Mankiw feels that students and faculty have benefitted from the new technology, which includes videos and mini-lectures. Students now get immediate feedback on their work, when the information is still fresh in their minds, rather two weeks later, he told me. The teaching assistants no longer have piles of problem sets on their desks to grade, he said, which frees up their time for office hours and face-to-face meetings with students. This new approach to textbook publishing, Mankiw said, is “disruptive change.”

Publishers, which are increasingly investing in digital products for college classrooms, are making a concerted effort to help faculty members adapt to that change. McGraw-Hill for its part employs several hundred consultants who are charged with helping faculty members integrate technology into their classes—even humanities courses that don’t easily lend themselves to the multiple-choice exam format.

Representatives from the publishers are actively reaching out to students to facilitate the integration process, too. McGrath, the Rutgers student, recalled representatives from the publishing company of his economics textbook coming to his class on the first day to explain to them how to use the digital platform and codes.

Proponents of that “disruptive change” say the growing pains pay off: The new digital learning materials, they say, pay dividends for students’ learning. Scott Virkler, an executive who oversees higher-education products for McGraw-Hill, said that students get better grades in digital classes than they do in non-digital classes. He also noted that the platforms are especially beneficial to extremely busy community-college students, who account for 40 percent of the country’s undergraduate population, because they allow people to do homework on their phones.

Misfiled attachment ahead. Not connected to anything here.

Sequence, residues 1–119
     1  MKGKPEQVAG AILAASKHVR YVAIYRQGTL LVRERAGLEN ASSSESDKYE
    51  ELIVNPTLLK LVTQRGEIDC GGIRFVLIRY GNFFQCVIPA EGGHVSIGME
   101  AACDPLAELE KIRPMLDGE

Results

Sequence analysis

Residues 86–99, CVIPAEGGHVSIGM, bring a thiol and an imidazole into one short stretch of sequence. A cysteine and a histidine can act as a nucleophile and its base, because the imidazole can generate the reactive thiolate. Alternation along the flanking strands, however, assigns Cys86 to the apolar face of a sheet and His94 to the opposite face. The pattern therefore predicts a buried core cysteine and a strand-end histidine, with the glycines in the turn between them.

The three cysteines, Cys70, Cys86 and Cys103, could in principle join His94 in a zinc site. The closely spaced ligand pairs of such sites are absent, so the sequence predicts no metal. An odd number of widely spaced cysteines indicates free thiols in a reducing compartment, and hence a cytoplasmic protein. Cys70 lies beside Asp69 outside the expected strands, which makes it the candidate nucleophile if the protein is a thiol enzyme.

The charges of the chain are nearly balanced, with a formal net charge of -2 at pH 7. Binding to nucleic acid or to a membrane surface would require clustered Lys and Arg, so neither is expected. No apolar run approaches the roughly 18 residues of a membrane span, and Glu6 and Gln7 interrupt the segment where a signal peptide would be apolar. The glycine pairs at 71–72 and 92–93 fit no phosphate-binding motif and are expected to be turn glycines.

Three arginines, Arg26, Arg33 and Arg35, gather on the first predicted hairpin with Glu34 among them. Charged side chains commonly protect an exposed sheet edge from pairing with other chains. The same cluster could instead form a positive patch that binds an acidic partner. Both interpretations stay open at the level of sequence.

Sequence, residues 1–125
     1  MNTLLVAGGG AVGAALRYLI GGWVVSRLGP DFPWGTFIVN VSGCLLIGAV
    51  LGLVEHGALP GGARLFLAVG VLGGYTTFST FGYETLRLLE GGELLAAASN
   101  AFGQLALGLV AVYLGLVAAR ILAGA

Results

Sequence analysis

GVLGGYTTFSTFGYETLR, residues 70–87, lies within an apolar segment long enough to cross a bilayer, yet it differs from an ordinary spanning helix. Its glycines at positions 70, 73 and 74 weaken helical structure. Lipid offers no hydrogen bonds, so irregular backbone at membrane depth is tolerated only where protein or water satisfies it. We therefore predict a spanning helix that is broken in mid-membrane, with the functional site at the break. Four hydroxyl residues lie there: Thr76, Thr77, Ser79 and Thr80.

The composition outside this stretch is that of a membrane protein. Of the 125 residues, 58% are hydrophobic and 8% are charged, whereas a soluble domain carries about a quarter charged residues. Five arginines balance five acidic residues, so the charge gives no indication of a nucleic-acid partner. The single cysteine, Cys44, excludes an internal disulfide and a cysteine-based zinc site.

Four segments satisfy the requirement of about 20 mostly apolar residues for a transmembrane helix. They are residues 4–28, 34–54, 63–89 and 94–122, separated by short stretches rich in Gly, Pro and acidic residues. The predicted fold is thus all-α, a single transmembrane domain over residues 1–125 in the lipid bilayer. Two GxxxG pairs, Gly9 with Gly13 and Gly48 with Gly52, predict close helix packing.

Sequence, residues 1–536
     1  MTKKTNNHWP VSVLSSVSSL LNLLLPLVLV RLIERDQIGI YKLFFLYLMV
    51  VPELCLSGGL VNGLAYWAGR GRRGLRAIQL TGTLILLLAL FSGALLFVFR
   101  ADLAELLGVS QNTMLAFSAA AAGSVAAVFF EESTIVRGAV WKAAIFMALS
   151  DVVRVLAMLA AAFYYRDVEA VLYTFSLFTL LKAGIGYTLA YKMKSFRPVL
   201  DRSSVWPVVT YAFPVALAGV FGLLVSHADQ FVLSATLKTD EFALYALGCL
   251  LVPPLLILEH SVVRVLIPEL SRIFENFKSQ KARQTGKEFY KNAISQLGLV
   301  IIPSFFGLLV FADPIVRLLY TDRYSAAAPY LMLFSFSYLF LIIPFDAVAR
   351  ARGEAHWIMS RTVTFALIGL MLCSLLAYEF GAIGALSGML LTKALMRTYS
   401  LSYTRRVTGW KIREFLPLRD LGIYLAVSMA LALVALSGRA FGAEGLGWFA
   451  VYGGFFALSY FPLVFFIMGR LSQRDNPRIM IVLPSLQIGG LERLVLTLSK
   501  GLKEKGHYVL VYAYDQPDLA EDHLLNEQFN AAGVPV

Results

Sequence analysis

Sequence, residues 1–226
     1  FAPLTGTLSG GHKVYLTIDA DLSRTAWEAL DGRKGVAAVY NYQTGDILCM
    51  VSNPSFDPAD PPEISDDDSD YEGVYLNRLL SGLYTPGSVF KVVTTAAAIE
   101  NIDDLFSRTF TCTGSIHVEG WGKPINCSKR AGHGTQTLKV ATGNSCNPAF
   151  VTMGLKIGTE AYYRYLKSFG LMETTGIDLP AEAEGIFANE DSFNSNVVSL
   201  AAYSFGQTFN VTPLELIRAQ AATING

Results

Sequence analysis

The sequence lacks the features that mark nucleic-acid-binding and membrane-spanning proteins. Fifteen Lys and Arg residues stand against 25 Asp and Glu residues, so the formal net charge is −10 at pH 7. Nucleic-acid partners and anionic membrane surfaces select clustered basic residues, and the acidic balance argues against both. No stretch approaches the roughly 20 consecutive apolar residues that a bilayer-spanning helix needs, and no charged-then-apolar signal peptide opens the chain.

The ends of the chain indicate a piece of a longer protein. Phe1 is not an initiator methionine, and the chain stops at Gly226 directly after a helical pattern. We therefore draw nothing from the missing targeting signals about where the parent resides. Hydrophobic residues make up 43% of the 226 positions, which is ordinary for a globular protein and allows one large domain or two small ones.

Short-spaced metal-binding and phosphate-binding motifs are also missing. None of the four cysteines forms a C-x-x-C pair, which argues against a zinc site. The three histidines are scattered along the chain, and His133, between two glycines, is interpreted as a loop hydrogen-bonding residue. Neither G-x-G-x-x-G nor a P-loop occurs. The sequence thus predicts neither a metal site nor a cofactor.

According to Virkler, another reason the platforms are correlated with better academic performance is because they can help instructors better identify who in a given class needs the most attention or isn’t keeping up. “We can tell instructors if their students have done their homework, whether they are struggling in particular areas, and how much time they spend on task,” Virkler said. “We know that if students wait to do their homework, they won’t do as well as students who do it immediately after the class. We can alert students to get their work done.”

The theoretical value of that data extends beyond the outcomes of individual students: The new materials also provide a trove of previously unavailable data. A publishing company might compare classes within a college and can find, for example, which professor is the most effective. Or it can gather data from multiple colleges to compare students and college outcomes around the country. With thousands of students all taking the same exams at the same time across the country, the publishing industry has unique insight into American higher education.

But this technology and its resulting data collection are so new that few have considered its long-term implications.

With the rising costs of higher education, every dollar spent counts, including that on books and supplies. It’s hard to pin down how much students spend on classroom supplies each year—based on student surveys, NACS estimates that they spent $579 on their required course materials during the 2016-17 school year, while the College Board analyzed school data to conclude that they spend up to $1,400 annually on materials including textbooks, technology, and binders. Regardless, average annual costs have generally remained steady and even dropped slightly in the past year; lots of courses have refrained from adopting the new assessment tools and enable students to use library books and other free source material, offsetting any increases attributed to the access codes.